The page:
16 June 2006


Thought it was about time I posted another soundtrack and an orgy in rhythm this most certainly isn't.No funky breaks ,no shuffling beats,no low level horns,nothing to loop or sample (or maybe....) - the total antithesis of my usual soundtrack posts.
This is the Cliff Martinez soundtrack for the Steven Soderberg re make of Stanislaw Lem's "Solaris".
This is what Andrew Granade wrote about it at Soundtracknet:

"Martinez began his musical career as a drummer for The Weirdos, Lydia Lunch, Captain Beefheart, The Dickies and, most famously, the Red Hot Chili Peppers. (In 1989 he left the Peppers because, as he says, "I decided I didn't really want to be wearing a sock on my weiner for the rest of my life.") His experience as a drummer is clearly evident in his instrumentation in Solaris. To the standard string orchestra with light brass and woodwinds, Martinez adds understated electronics, celesta, steel drum, and a gamelan ensemble. A Javanese gamelan is the Indonesian orchestra of bells, gongs, and drums that has captivated Western composers since Debussy first encountered it at the Paris Universal Exhibition in 1889. In Solaris, its delicate, shifting tone colors in a decidedly non-equal tempered scale underlie the remoteness of the action and the sentient planet while the repetitive, cyclic nature of its music provide a comforting space from which the audience can watch the proceedings.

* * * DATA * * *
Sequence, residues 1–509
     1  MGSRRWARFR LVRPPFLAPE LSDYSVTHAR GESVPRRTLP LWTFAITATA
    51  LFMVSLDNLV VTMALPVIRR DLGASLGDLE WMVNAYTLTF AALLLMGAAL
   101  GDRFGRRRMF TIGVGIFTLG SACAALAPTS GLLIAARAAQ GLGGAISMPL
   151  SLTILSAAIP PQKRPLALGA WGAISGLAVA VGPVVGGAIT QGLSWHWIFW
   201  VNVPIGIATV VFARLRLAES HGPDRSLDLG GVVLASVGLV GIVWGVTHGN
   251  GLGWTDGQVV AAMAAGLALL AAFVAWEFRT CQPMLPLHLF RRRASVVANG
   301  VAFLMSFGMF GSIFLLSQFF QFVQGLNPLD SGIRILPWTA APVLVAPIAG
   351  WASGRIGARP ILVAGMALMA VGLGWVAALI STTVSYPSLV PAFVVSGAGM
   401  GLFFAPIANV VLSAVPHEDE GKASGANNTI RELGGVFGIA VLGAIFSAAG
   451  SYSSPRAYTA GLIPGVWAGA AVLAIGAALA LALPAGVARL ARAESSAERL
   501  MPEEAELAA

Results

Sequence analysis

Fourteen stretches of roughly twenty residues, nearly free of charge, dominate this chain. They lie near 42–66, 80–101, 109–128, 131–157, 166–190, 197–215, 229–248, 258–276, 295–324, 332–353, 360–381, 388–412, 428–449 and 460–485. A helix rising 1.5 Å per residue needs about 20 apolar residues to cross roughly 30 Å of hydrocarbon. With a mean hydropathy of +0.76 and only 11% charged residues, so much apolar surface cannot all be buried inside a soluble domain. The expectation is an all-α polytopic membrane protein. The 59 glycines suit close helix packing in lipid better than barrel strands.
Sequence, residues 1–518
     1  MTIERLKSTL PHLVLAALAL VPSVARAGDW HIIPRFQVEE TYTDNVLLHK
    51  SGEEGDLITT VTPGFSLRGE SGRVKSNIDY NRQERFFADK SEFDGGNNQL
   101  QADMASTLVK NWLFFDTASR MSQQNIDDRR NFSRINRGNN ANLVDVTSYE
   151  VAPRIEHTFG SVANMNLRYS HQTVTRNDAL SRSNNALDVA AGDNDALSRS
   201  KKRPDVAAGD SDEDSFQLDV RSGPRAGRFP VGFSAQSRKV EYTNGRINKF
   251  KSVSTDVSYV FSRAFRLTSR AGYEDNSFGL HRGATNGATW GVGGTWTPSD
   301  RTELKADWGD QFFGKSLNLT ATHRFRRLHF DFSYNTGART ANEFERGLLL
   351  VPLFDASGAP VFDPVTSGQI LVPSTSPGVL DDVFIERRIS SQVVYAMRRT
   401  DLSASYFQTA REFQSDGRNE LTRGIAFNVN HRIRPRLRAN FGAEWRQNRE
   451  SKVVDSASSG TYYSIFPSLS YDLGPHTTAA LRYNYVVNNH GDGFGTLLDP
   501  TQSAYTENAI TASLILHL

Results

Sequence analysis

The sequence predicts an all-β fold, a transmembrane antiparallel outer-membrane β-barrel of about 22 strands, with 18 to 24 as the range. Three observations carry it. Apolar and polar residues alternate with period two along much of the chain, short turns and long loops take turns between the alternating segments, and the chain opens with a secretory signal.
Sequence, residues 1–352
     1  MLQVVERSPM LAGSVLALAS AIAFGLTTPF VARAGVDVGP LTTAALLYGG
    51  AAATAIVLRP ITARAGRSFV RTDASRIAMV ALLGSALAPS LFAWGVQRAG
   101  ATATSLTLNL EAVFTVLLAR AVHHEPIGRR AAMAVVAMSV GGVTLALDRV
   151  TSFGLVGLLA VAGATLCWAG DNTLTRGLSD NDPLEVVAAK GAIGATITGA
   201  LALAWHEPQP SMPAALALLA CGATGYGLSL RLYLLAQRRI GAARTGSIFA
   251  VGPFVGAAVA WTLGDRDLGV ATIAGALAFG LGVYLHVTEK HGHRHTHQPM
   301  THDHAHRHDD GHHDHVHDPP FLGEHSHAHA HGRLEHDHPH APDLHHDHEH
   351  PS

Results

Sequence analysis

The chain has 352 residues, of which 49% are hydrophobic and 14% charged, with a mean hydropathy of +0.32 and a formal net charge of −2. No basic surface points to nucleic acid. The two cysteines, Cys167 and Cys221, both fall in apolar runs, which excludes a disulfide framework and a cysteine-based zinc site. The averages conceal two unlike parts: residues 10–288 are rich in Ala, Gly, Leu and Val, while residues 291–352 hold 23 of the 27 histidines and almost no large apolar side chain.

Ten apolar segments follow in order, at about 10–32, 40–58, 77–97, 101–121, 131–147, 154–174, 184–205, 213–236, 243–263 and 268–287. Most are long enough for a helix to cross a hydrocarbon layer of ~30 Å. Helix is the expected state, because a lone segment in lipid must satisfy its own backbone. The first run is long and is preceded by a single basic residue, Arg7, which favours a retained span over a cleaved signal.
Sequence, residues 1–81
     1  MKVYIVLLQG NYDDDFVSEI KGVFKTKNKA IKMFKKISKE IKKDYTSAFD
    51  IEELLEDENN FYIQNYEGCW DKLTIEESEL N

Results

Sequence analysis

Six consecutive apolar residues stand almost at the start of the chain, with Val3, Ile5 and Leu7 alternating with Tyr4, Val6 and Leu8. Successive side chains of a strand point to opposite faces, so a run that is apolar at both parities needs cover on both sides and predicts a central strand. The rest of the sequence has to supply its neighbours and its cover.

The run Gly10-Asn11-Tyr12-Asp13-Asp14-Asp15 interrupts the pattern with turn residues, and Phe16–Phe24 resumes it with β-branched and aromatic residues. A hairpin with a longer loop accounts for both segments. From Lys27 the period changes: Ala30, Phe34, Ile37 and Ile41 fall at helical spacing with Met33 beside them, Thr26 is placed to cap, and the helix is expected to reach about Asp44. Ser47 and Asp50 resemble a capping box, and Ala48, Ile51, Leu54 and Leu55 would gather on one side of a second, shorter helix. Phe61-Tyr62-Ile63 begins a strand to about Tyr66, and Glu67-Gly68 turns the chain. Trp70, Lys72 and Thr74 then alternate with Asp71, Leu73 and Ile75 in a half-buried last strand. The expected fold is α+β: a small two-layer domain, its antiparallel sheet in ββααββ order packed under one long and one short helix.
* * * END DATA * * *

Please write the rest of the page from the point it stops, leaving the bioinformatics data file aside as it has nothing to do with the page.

The overall arch of the score is fairly static, with shifting tone colors and textures providing the majority of musical propulsion and interest. This uniformity of sound serves to unify the picture emotionally but a few cues stand out for Martinez's treatment of the orchestra and their narrative impact. "Will She Come Back" opens with delicate electronics that sound almost like pure sine-tones. Then listen how he slowly undergirds and replaces those sounds with close, dissonant strings and begins to softly punctuate moments with bells. Then the full strings finally enter halfway through with an elegiac melody.
"Wear Your Seat Belt" is the antithesis of "Will She Come Back," or at least as opposite as is possible on this homogenous score. It begins with the gamelan pulsations over which strings and electronics play in a tightly woven, dissonant, and eerie cloud. The gamelan slowly takes over the foreground from the strings, moving into a higher and higher register until the bottom falls away, leaving the listener floating free."

It's for his work on Solaris that Martinez is best known, not only because it is widely regarded as his finest work but it also established Martinez's niche in soundtrack work: a combination of electronic sounds and samples with sparse orchestral arrangements which is both very ambient and wonderfully atmospheric.



bacoso said...


baroquedub said...

This is really special - thank you! I remember being particular taken by the score when watching the film and have been looking out for it ever since. A nice homage to Ligeti's music and life too - in a round about kind of way :)